History of Valentines
Valentine's Day has been link as a day for
love and romance where lovers exchange presents and spend
the day together. This source of this day is believed to
be tracked from both Christian and Roman tradition.
February might not be considered Spring for many of us today,
especially in certain areas of the US where there is still snow
on the ground. But for the Romans this Lupercalia on the 14 and
the Valentine's Day on the 15th got blended into one day and occurred
7 weeks after the Winter Soltice, marking the progression from
Winter into Spring. In the Middle Ages it was felt that birds
chose their mates on February 14. So February 14th has been considered
the official mating day for centuries.
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Italy also had another Spring festival during the Middle
Ages in which young singles gathered in the gardens to listen
to love poetry and romantic music. Afterward they paired
off and strolled through the trees and flowers etc. In France
this pairing-off custom went on for a while, but it ended
up causing a lot of jealousies and became more trouble than
it was worth and was dropped. But in England the custom
of young men drawing names for "Valentines" or
sweethearts remained for centuries even after the Roman
occupation ended. The young men in England would write down
all the names of the young women on pieces of paper and
then roll them up tightly and put them in a bowl. The young
men (blindfolded) would take turns drawn a name from the
bowl. The girl's name that he drew meant that she would
be his "valentine" for the next year.
The Catholic Church recognised 3 different saints by the
name of Valentine all of whom were martyred (According to
the Catholic Encyclopedia 1908). The 3 of them are
- a priest in Rome who suffered martyrdom in the second
half of the 3rd century and was buried on the Via Flaminia.
- a bishop of Interamna (modern Terni) also suffered martyrdom
in the second half of the 3rd century and was also buried
on the Via Flaminia, but in a different location than the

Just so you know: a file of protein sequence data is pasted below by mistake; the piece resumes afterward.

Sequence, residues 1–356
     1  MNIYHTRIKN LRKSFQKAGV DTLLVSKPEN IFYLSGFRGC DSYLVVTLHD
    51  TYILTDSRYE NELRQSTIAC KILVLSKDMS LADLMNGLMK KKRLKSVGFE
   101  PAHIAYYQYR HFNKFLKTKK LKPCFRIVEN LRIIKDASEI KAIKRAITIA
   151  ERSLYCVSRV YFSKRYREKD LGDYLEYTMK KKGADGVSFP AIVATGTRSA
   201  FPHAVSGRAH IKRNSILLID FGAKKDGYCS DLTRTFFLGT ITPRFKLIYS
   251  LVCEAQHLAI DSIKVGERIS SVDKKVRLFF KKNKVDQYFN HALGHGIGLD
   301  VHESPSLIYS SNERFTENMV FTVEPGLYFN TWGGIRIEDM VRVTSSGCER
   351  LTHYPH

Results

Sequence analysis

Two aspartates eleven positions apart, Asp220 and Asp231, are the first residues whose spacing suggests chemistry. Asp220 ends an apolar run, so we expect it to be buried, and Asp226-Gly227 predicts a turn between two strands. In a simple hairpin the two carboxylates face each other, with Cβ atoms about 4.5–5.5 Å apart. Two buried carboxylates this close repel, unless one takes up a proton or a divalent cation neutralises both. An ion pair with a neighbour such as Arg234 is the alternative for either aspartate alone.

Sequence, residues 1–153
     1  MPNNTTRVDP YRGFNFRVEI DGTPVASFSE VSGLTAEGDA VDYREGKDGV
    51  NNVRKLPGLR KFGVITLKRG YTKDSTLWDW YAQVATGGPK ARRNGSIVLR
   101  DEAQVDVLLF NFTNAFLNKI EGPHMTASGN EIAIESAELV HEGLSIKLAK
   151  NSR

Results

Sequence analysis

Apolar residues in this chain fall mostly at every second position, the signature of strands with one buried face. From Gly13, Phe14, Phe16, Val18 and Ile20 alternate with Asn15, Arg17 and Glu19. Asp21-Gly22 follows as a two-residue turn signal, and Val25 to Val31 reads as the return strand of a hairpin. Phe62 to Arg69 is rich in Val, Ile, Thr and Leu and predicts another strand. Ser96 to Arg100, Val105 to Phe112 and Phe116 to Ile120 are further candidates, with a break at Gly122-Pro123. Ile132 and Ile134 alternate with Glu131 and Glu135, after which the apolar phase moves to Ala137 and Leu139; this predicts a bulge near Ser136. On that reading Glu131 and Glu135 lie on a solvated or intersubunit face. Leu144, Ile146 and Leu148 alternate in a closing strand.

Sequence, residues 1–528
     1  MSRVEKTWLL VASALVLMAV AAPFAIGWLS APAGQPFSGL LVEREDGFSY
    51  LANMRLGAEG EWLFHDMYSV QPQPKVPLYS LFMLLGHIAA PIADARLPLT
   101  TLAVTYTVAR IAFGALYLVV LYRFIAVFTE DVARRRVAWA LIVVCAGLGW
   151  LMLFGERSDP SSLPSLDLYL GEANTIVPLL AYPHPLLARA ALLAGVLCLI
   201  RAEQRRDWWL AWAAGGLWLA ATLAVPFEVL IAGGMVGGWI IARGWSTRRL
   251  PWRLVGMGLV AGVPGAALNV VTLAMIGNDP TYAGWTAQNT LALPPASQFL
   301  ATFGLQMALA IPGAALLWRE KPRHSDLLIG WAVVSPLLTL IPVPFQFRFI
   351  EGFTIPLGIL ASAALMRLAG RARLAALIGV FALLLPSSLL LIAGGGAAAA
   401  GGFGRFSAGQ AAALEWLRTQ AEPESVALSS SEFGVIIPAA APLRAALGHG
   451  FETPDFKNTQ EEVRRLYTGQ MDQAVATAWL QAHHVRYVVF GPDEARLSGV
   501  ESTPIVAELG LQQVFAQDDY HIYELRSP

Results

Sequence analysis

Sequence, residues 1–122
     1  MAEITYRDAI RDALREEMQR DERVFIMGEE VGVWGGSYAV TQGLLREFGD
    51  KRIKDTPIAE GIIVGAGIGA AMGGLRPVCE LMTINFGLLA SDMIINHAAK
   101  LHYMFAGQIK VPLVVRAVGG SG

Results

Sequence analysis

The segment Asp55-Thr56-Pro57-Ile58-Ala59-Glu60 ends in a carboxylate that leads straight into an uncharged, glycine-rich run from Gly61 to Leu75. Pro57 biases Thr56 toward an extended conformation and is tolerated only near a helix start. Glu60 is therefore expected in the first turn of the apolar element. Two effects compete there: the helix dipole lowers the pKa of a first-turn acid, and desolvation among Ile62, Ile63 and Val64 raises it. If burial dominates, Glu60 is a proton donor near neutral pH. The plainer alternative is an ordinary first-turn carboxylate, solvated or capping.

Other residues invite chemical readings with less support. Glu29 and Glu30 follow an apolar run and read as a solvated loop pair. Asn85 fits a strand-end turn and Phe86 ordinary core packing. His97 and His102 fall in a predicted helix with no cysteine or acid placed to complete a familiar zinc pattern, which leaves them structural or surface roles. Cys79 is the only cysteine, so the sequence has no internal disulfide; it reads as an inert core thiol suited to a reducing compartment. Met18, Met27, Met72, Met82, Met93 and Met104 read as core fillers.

- a martyr in North Africa, about whom little else is known.
According to legend in the 3rd century after Christ, the Emperor
Claudius II did not want any of his soldiers falling in love and
marrying because he felt women and families distracted the soldier's
from their duty to him.. Valentine, realizing the injustice of
the decree, defied Claudius and continued to perform marriages
for young lovers in secret. When Valentine's actions were discovered,
Claudius ordered that he be put to death.
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It was also rumoured that Valentine actually sent the first 'valentine'
greeting himself. While Valentine was in prison awaiting his fate,
he came in contact with his jailor, Asterius. The jailor had a
blind daughter. Asterius requested him to heal his daughter. Through
his faith he miraculously restored the sight of Asterius' daughter.
Just before his execution, he asked for a pen and paper from his
jailor, and signed a farewell message to her "From Your Valentine,"
a phrase that lived ever after. Although the truth behind the
Valentine legends is murky, the stories certainly emphasize his
appeal as a sympathetic, heroic, and, most importantly, romantic
figure. It's no surprise that by the Middle Ages, Valentine was
one of the most popular saints in England and France.
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